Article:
By Vanessa Le
If you were to walk up and down Figueroa St., you would find a variety of foods from different cultures. Now I can’t vouch for every single restaurant down that street, but I can say that, by first impression, none of them look very appealing. After all, how can they? They’re located in South Central, an area in which USC’s beauty and affluence stands out like a sore thumb. However, there is at least one eatery that cannot be missed: Chano’s.
Well, actually the giant lighted sign in front of Chano’s heralds the names El Huero (due to a restaurant revamp that included a name change). However, names don’t fade from memory. People continued to refer to their beloved taco stand by its former name, and the new generations of students continued the tradition, perhaps to show their upperclassman that they too know their taco history.
For years, this gem has been disguised as a rundown taco stand. Located at the corner of 32nd and Figueroa (across from Carl’s Jr. and the plaza with Spudnuts and Yoshinoya), you’ve probably seen it in passing while heading towards DTLA in your bus or Uber, and you probably dismissed it as just another rundown restaurant with nothing to offer. Don’t let its appearance fool you; anything you order at Chano’s will be a thousand times better, fresher, and more authentic than the Taco Bell just two blocks away. Anyone who has driven by at midnight or in the aftermath of a football game will tell you that the building itself look like it’s falling apart, but the business is booming.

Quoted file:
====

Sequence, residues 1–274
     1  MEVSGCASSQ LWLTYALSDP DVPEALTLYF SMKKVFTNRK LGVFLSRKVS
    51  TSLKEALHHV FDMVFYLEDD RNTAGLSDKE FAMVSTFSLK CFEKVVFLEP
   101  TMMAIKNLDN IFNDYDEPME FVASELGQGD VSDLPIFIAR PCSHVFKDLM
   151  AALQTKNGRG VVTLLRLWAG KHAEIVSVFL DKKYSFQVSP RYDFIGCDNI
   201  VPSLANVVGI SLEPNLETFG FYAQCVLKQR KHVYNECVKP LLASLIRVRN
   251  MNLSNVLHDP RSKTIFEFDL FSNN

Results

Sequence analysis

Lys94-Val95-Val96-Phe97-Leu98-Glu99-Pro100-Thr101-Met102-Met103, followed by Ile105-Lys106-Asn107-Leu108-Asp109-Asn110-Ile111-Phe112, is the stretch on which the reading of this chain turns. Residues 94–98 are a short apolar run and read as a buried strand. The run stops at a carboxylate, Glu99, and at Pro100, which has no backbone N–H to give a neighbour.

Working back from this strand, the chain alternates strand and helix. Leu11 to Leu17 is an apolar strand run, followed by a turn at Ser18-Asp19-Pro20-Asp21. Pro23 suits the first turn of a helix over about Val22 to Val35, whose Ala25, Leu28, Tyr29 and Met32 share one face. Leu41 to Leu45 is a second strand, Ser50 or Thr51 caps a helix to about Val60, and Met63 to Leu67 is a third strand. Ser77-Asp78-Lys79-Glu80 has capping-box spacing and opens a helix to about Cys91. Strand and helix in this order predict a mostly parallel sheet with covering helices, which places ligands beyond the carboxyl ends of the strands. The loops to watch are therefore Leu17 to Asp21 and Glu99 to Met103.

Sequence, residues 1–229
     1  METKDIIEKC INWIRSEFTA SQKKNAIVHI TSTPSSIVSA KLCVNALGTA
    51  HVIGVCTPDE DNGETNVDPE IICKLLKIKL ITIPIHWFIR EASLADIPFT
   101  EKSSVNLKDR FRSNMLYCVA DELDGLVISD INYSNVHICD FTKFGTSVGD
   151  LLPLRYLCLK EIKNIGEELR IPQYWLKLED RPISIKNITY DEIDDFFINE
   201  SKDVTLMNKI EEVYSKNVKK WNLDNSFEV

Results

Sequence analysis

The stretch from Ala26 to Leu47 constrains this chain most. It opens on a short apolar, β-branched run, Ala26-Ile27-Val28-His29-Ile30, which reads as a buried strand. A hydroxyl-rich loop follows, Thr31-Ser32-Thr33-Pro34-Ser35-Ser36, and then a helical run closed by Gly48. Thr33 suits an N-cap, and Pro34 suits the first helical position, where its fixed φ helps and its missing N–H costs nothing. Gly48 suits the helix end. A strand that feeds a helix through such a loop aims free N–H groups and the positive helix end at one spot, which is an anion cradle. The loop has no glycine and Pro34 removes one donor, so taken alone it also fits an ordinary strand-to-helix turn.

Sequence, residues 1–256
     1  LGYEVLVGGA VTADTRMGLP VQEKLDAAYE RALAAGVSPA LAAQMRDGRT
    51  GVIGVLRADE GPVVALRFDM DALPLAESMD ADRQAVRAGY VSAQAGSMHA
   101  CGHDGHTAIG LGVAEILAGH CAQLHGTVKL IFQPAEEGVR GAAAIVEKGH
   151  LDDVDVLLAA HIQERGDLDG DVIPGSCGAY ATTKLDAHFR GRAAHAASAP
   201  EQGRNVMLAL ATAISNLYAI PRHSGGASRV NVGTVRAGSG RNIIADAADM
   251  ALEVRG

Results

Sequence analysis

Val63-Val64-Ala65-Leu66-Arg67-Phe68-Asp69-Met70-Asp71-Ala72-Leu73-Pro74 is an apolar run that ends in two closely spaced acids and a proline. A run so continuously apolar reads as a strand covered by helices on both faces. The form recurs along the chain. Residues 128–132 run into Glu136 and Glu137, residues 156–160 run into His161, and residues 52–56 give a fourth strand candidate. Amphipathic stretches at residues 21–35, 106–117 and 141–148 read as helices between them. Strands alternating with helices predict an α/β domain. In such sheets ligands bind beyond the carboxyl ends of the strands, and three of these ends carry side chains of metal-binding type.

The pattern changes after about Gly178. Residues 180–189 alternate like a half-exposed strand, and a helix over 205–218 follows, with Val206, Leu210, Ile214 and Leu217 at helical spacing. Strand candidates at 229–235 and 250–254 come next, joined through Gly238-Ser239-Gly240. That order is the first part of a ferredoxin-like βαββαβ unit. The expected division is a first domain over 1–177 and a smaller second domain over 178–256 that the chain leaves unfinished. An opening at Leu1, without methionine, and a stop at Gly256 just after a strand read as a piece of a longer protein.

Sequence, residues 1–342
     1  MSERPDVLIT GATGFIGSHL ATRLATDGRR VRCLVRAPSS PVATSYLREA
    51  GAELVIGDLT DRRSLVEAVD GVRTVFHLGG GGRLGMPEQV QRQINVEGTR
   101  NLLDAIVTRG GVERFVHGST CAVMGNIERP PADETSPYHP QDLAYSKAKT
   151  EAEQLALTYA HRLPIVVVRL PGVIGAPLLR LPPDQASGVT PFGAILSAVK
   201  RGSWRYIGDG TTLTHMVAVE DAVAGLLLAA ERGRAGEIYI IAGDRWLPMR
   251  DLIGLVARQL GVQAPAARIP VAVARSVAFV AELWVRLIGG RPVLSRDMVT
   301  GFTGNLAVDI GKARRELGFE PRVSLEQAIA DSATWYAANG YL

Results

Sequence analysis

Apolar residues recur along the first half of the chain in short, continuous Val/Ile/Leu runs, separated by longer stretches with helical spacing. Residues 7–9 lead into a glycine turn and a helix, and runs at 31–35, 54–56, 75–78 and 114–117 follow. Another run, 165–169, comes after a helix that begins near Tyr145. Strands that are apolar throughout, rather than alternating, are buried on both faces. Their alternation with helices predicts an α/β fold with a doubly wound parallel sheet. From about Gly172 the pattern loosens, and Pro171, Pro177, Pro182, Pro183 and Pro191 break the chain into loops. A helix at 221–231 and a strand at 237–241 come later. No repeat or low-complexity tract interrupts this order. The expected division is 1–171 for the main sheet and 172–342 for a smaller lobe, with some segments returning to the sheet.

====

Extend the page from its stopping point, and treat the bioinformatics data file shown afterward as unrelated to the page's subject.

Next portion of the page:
As one of the very few restaurants open 24/7 around campus, Chano’s is known as THE place to solve your midnight munchies. In fact, the earliest I’ve ever been to Chano’s is 11:00 PM. Expect to spend a mere $5 for a filling snack. My personal favorite is the soft carne asada taco, which boasts warm soft tortilla shells filled with bite-size pieces of steak, pico de gallo, and guacamole. I always order two for just $2.50 each! Beyond tacos, they also offer other latin favorites such as burritos, quesadillas, taquitos, enchiladas, and more, all personalized to your liking.
Chano’s is adored by all students and even faculty alike. It has become a fixture of the USC culture, and there is really something for everyone. I can’t even say that I’m particularly fond of Mexican cuisine but I was introduced to Chano’s while visiting USC as a senior in high school, and now I’ve returned the favor to countless other newbies, all who will surely carry on the tradition as I have, For more information and even coupons (because let’s be real, what college student doesn’t love coupons?) you can visit their website at elhuero.com. If you’re ever there on a weekend midnight, there’s a good chance you’ll see me there too.
Featured image from Wikipedia
Vanni Le is a freshman studying Public Relations. She was born in Southern California but raised in Tampa, Florida, so she is glad to be back home as a Trojan. She is fluent in English and Vietnamese and is enthusiastic about learning about new cultures. In her spare time, she enjoys listening to all kinds of music or singing and playing her ukulele, piano, or guitar.